I use bullwhip kelp, which is commonly found in this region. Seaweed provides many trace minerals you won’t get anywhere else. You can find bullwhip kelp on the beach after a storm. Bend it. If it snaps cleanly, it's fresh; if it bends, toss it. A fun way to source it fresh is to dive for it and cut it yourself. I usually grab some when I’m abalone diving. I've kept this recipe simple, in order to let the briny seaweed flavor shine through.
 

Here's what you’ll need.
 
Food:
 
Kelp (should be fresh, about 4 feet long, and at least 2 inches in diameter)
4 cups Champagne or white wine vinegar
½ cup sugar
8 cups water
 
(It would be cool to try this with seawater. If you try it, let me know how it turns out.)
 
Gear:
 
Peeler
Medium pot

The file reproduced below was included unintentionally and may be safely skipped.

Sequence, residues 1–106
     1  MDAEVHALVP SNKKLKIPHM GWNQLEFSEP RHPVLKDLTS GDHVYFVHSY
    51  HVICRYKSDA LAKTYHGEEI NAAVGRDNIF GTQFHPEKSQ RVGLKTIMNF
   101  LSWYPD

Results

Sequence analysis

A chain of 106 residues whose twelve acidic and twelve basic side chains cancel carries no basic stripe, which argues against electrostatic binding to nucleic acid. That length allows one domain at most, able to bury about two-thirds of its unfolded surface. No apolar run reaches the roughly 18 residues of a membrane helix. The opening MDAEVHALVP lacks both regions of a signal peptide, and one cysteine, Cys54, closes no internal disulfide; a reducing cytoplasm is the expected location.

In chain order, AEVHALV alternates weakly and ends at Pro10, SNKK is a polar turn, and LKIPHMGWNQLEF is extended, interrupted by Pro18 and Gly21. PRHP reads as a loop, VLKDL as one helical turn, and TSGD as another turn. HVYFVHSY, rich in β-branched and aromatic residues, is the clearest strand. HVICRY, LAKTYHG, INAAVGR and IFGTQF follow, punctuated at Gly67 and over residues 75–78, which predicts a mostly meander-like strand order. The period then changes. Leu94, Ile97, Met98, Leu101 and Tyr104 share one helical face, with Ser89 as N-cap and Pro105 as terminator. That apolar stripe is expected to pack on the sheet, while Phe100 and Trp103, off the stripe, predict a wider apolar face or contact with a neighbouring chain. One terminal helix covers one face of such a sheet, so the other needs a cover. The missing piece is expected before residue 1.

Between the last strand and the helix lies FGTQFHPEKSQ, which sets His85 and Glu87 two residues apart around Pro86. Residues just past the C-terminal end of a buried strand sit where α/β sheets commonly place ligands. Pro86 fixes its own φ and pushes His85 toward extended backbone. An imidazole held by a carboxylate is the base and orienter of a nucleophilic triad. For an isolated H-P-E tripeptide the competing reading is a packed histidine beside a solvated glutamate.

2 containers for the pickles to live in
 

  1. First, get your brine a boilin’. Mix the above ingredients and bring to a boil.

  2. Rinse the seaweed with cold water. Cut off and reserve the blades (the feathery top parts), then peel the stipe.

  3. Slice the stipe (long part) and the bulb (top part) into quarter-inch rings.

  4. Place the reserved blades and seaweed rings in separate containers. Pour the hot pickling liquid over them.

  5. Let them cool, then put them in the fridge. They'll be good for three months.

 
These pickles feature on our Seaside Charcuterie platter, along with a rotating cast of the following: Black cod brandade, pickled wild mussels, pickled mustard seeds, pickled herring, and fried smelt. Though we've been making use of the stipe for a few years, pickling the blade is a pretty recent discovery for us. They are amazingly good, with subtle sea flavor and great texture. The stipe has a more robust texture.

If you want to try ours check them out at this weekends Wild Kitchen:
Tickets here:
Friday, August 14th
Saturday, August 15th
 
 
Enjoy! If you don’t dive for these, I hope, at the very least, you'll get your feet wet while collecting them.